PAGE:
On April 29, 2021, the U.S. Supreme Court decided Niz-Chavez v. Garland, holding that, to constitute a notice to appear sufficient to stop a nonpermanent resident alien’s continuous presence in the country under 8 U.S.C. § 1229b, the notice must be a single document containing all information about an individual’s removal hearing specified in 8 U.S.C. § 1229(a)(1).
Under U.S. immigration law, nonpermanent resident aliens who are ordered removed from the U.S. may be eligible for discretionary relief from removal if (among other requirements) they can establish their continuous presence in the U.S. for at least 10 years. But under the so called “stop-time rule” in the Illegal Immigration Reform and Immigrant Responsibility Act of 1996 (“IIRIRA”), an alien’s continuous presence in the country is deemed to end “when the alien is served with a notice to appear” in a removal proceeding. 8 U.S.C. § 1229b(d)(1). Congress defined a “notice to appear” as written notice specifying certain information, including the nature of the proceedings, the legal authority for the proceedings, the charges against the alien, the fact that the alien may be represented by counsel, the time and place at which the proceedings will be held, and the consequences of failing to appear.
The government sent Agusto Niz-Chavez a document containing the charges against him. Two months later, the government sent Niz-Chavez a second document with the time and place of a hearing in a removal proceeding against him. Niz-Chavez challenged the adequacy of the notice on the ground that the statute requires a single document that contains all of the required information, rather than a series of documents. The government argued that once Niz-Chavez received documents that collectively included the information required by the statute, the “stop-time” rule took effect. The Sixth Circuit agreed with the government and held that the stop-time rule was triggered when the government finished delivering all the statutorily prescribed information.
The Supreme Court reversed and held the required notice to appear must be a single document containing all statutorily required information. The Supreme Court began by noting that an ordinary reader would interpret the IIRIRA’s use of the indefinite article “a” in requiring service of “a notice” as calling for “‘a’ single document containing the required information.” The Court emphasized that a notice to appear is the basis for commencing a legal proceeding, and other case-initiating pleadings “often use the indefinite article to refer to a single document.”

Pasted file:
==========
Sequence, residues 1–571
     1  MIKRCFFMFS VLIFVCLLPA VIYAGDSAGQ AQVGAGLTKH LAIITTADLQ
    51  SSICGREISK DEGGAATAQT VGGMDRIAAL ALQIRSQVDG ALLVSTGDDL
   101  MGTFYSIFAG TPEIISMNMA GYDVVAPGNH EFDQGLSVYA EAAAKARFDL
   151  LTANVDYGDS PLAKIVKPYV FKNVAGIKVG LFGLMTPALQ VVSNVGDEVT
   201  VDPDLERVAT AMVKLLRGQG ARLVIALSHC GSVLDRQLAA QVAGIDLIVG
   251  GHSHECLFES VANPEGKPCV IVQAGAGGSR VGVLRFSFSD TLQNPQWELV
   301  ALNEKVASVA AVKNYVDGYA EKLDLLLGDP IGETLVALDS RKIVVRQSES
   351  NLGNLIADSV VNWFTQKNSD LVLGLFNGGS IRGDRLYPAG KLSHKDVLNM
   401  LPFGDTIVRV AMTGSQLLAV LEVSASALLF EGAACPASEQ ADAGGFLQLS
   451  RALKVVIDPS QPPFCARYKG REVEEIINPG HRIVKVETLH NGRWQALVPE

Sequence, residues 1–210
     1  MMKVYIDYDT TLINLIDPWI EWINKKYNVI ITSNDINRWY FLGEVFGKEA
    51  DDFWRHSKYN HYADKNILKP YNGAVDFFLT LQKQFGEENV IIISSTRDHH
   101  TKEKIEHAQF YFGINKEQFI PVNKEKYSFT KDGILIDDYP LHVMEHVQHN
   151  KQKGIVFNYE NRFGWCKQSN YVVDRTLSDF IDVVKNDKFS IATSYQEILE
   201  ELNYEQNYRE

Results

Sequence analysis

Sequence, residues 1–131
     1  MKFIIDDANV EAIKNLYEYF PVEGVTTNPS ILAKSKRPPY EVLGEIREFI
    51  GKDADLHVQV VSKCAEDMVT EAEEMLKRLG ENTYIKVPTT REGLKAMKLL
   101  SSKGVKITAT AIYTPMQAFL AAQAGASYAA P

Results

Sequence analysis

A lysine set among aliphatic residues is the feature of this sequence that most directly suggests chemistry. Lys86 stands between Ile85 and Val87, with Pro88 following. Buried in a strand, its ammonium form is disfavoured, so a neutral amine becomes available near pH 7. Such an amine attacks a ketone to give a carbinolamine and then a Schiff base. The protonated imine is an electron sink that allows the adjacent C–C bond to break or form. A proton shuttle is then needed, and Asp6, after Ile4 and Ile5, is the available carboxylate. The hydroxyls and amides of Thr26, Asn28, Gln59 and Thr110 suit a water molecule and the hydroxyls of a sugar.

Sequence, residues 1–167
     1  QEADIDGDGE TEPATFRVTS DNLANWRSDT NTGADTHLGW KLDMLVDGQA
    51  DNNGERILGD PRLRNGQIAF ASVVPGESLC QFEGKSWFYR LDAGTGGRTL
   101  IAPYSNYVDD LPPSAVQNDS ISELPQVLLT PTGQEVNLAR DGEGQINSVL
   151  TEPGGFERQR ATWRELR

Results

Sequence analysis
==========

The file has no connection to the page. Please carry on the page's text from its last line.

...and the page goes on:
The Court also concluded that the history and broader context of the IIRIRA supported requiring a single comprehensive document. For example, the IIRIRA speaks of “‘the notice’ being served at a particular ‘time,’” which suggested service of a single document at a discrete moment, as opposed to an ongoing endeavor. Further, the purposes for enacting the stop-time rule would be better effectuated by measuring the period of residence against the service date of a discrete document.
The Court rejected the government’s arguments that serving a single document with all required information was too onerous, particularly because the government was entitled to send supplemental notices amending the time and place of the hearings, and individuals seeking permanent residency were not afforded similar latitude when filling out the required forms. As the Court noted, “If men must turn square corners when they deal with the government, it cannot be too much to expect the government to turn square corners when it deals with them.”
Justice Gorsuch delivered the opinion of the Court, in which Justices Thomas, Breyer, Sotomayor, Kagan, and Barrett joined. Justice Kavanaugh filed a dissenting opinion, in which Chief Justice Roberts and Justice Alito joined.